atenolol increases effects of sildenafil by additive vasodilation. Use Caution/Monitor. Sildenafil has systemic vasodilatory properties and may further lower blood pressure in patients taking antihypertensive medications. Monitor blood pressure response to sildenafil in patients receiving concurrent blood pressure lowering therapy.

              • silodosin

                silodosin and atenolol both increase anti-hypertensive channel blocking. Modify Therapy/Monitor Closely.

              • siponimod

                siponimod, atenolol. Either increases effects of the other by pharmacodynamic synergism. Modify Therapy/Monitor Closely. Caution when siponimod is initiated in patients receiving beta-blocker treatment because of additive effects on lowering heart rate. Temporary interruption of beta-blocker may be needed before initiating siponimod. Beta-blocker treatment can be initiated in patients receiving stable doses of siponimod.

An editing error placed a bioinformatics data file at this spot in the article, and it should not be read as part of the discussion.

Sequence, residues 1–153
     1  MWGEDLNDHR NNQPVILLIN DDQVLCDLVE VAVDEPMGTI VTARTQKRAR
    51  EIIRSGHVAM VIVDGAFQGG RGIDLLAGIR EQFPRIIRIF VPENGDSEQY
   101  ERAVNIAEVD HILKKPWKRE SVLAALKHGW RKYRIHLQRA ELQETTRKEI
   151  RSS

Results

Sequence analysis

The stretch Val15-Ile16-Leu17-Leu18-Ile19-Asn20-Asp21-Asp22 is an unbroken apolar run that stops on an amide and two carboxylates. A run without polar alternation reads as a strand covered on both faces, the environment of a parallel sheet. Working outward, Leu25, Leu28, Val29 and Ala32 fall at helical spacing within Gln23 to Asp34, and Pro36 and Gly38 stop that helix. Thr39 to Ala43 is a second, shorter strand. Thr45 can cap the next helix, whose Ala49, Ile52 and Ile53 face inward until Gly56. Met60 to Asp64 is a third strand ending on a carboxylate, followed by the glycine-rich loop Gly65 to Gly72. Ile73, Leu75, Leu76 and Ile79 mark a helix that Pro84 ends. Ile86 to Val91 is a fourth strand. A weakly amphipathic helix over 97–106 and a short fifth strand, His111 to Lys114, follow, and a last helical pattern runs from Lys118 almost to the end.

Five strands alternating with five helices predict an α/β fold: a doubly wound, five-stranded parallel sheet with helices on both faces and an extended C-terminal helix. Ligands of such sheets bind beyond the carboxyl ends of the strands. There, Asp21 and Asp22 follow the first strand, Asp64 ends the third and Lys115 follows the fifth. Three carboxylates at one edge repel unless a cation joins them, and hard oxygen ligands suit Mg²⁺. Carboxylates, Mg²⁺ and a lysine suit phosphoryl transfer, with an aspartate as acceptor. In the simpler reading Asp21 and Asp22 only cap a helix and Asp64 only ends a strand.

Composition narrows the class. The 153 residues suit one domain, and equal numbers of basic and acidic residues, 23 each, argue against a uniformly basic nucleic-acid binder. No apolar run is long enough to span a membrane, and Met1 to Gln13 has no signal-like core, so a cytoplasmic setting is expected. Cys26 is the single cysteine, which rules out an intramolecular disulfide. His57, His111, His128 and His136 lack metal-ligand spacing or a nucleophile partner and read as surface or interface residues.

• sodium bicarbonate

                sodium bicarbonate decreases levels of atenolol by inhibition of GI absorption. Applies only to oral form of both agents. Use Caution/Monitor. Separate by 2 hours.

              • sodium citrate/citric acid

                sodium citrate/citric acid decreases levels of atenolol by inhibition of GI absorption. Applies only to oral form of both agents. Use Caution/Monitor. Separate by 2 hours.

              • sotalol

                atenolol and sotalol both increase serum potassium. Use Caution/Monitor.

              • spironolactone